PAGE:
The Supreme Court on Wednesday granted permanent medical bail to activist and poet P. Varavara Rao, who was arrested under the stringent Unlawful Activities (Prevention) Act, for his alleged role in the case related to Bhima Koregaon violence.
The Apex Court granted bail to the 82-year-old activist, while rejecting the National Investigative Agency’s opposition that age or medical condition cannot be a factor to let an UAPA accused out on bail.
Earlier during the hearing, NIA told the Apex Court that Rao, an accused in Elgar Parishad case, should not be granted bail since he “was engaged in unlawful activities against the Government of India”.
Rao, who has been in custody for over two years, had approached the top court of the country to grant him permanent medical bail.
NIA has stated his actions were allegedly furthering the agenda of banned organisation, Communist Party of India (Maoist).
The affidavit by NIA clearly mentioned that “Rao was not merely associated or supported CPI(Maoist), but was constantly fulfilling the agenda of the banned organisation (CPIM).
The NIA further said that the actions taken by Rao were against the interest of the country.
“Considering the offence committed by the accused, which is against the interest of the country and the principles of Indian Constitution, there shall be no relief when the offence is against the state and public interest,” it added.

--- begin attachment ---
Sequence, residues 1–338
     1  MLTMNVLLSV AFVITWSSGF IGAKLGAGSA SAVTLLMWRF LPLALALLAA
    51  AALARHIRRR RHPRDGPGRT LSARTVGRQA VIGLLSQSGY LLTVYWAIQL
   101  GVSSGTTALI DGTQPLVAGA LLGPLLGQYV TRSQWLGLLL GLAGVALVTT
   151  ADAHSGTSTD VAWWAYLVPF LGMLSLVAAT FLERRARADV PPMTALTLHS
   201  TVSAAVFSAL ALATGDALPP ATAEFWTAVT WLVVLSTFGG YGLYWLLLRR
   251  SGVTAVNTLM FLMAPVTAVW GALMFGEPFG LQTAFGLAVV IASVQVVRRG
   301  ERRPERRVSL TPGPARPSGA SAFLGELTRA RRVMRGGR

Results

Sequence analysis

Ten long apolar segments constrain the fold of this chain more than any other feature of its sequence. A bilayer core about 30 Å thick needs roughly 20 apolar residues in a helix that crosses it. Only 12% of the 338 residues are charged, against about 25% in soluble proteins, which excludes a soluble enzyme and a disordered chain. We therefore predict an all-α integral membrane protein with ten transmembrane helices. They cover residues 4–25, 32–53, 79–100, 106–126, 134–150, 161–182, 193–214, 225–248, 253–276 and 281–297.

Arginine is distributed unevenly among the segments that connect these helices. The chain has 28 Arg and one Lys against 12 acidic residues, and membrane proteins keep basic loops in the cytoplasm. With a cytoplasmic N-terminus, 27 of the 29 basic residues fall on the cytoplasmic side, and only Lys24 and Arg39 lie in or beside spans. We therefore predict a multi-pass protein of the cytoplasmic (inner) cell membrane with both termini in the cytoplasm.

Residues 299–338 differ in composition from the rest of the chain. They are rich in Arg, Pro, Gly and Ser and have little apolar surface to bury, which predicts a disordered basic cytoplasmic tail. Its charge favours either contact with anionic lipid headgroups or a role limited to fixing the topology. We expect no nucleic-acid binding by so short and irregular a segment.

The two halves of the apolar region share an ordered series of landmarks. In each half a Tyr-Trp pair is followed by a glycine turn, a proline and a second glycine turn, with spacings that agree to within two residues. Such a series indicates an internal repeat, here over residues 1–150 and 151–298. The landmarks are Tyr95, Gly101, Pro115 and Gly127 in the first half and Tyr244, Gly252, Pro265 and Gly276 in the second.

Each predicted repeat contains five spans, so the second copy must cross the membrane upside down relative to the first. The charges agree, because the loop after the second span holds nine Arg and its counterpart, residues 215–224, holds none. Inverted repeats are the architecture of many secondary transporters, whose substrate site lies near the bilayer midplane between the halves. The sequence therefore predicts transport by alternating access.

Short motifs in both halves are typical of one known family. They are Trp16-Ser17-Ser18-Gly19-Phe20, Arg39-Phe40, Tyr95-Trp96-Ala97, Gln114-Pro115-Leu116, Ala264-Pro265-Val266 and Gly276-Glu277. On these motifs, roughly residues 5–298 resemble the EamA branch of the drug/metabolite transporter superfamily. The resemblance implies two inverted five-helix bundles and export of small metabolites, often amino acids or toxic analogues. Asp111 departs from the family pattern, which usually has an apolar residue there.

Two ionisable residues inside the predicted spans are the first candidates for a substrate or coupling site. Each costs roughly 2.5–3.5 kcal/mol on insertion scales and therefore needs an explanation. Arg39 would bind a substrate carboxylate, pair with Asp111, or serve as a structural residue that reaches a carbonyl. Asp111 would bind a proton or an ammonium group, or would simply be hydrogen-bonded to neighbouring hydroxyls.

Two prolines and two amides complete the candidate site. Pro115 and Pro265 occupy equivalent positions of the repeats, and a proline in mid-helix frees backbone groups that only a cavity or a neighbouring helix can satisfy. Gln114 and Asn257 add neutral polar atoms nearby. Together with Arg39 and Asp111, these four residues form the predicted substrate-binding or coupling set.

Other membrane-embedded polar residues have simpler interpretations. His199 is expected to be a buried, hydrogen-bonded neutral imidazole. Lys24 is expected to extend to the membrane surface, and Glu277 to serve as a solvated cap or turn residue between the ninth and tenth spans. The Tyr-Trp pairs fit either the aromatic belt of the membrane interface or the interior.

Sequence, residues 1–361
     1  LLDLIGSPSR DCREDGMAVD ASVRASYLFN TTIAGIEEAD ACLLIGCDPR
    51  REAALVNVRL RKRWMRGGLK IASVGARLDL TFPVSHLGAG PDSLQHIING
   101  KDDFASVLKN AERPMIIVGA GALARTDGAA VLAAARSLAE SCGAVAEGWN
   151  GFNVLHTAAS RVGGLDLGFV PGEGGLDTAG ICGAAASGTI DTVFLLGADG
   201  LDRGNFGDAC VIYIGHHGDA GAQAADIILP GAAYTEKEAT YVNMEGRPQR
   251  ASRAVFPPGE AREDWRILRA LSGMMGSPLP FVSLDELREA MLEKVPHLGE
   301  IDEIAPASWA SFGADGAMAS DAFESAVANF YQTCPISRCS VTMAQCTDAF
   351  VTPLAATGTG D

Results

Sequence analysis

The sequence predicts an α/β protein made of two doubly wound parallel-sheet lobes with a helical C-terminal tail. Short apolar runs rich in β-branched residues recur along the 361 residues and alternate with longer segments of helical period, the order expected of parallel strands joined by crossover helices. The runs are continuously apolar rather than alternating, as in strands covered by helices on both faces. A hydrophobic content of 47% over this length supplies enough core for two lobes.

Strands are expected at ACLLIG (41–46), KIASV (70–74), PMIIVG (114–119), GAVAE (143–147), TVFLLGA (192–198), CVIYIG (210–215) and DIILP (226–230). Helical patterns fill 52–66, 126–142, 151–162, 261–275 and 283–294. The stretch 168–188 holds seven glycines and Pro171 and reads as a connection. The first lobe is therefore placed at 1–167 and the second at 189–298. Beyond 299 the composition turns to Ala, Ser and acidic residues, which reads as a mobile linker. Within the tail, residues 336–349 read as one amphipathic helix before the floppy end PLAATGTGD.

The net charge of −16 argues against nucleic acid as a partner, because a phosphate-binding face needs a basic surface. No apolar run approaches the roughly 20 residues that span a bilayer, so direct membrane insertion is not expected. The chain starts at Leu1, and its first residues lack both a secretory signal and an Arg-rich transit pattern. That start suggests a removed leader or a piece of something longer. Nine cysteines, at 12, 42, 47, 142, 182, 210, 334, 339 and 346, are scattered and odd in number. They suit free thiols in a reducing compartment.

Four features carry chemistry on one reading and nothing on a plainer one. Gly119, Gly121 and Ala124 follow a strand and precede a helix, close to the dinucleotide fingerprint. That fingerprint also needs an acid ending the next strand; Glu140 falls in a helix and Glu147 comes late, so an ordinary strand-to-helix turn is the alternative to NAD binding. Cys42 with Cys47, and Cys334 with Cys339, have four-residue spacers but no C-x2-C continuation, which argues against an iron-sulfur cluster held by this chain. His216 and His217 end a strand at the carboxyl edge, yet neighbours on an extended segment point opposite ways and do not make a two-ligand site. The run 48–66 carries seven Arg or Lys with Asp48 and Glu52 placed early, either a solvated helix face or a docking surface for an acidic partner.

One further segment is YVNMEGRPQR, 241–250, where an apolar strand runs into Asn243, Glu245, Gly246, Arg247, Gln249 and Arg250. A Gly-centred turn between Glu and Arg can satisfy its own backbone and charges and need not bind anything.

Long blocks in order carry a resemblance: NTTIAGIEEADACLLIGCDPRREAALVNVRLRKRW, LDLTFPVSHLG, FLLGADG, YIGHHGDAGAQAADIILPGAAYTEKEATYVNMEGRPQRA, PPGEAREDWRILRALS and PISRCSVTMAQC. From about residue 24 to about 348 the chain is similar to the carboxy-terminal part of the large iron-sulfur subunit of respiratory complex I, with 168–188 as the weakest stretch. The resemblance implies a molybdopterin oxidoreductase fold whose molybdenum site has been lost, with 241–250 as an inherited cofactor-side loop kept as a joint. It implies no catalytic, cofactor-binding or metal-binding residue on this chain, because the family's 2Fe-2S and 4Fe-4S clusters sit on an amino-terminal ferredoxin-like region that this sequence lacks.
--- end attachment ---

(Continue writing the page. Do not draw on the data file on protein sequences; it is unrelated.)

The NIA also referred to a document of the banned organisation found during the probe, which was named ‘Strategy and tactics of Indian revolution’.
Rao had moved the Supreme Court, after the Bombay High Court refused permanent medical bail to him.
The High Court bench of S.B. Shukre and G.A. Sanap, besides rejecting Rao’s plea for bail, also dismissed his application for residing in Telangana.
The Court had, however, extended for three more months, an earlier order granting him temporary bail on medical grounds.
The plea before the Apex Court stated that Rao has already spent two-year term in jail as an undertrial, and “further incarceration would ring the death knell for him as advancing age and deteriorating health are a fatal combination”.
It was also contended that even though the High Court has called for the trial to be expedited, over 300 witnesses have to be examined, which would take at least 10 years.